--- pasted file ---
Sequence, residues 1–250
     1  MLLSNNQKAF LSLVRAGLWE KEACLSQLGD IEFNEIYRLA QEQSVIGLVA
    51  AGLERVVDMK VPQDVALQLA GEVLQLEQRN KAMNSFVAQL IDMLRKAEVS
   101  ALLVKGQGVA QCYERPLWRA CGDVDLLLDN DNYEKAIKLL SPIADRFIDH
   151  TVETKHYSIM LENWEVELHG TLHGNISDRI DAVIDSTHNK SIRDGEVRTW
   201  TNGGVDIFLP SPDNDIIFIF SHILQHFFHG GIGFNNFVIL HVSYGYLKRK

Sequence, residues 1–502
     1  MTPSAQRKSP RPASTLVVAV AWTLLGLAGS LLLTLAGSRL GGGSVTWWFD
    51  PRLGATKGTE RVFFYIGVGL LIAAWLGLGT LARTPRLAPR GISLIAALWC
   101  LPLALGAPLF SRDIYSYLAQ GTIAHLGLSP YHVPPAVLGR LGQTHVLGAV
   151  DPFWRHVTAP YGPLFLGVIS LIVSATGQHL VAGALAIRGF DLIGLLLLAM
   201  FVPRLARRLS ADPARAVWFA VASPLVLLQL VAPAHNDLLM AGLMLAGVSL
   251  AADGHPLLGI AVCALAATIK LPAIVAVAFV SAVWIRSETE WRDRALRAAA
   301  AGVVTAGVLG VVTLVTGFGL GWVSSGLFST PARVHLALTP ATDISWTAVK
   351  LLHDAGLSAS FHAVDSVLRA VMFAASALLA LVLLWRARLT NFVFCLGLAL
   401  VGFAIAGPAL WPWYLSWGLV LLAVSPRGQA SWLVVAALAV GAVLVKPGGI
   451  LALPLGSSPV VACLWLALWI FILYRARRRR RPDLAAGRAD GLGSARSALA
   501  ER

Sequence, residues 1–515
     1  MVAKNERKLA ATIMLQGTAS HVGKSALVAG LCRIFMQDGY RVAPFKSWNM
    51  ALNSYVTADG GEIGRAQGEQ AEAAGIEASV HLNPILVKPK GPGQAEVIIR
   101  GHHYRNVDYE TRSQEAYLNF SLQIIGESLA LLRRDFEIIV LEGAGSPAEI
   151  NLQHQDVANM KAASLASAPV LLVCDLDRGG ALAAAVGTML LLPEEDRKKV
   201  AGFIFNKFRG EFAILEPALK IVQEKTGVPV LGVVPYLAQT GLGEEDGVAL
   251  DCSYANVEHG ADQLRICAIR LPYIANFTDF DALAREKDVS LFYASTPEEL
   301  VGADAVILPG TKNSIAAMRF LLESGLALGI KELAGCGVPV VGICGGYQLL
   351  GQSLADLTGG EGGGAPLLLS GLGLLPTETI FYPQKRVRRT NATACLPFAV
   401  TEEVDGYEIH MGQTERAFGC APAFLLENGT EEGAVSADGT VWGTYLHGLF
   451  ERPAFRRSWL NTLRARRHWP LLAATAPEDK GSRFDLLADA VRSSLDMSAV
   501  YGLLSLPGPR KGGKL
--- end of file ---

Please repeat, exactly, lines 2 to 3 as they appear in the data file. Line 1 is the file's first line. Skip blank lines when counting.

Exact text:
     1  MLLSNNQKAF LSLVRAGLWE KEACLSQLGD IEFNEIYRLA QEQSVIGLVA
    51  AGLERVVDMK VPQDVALQLA GEVLQLEQRN KAMNSFVAQL IDMLRKAEVS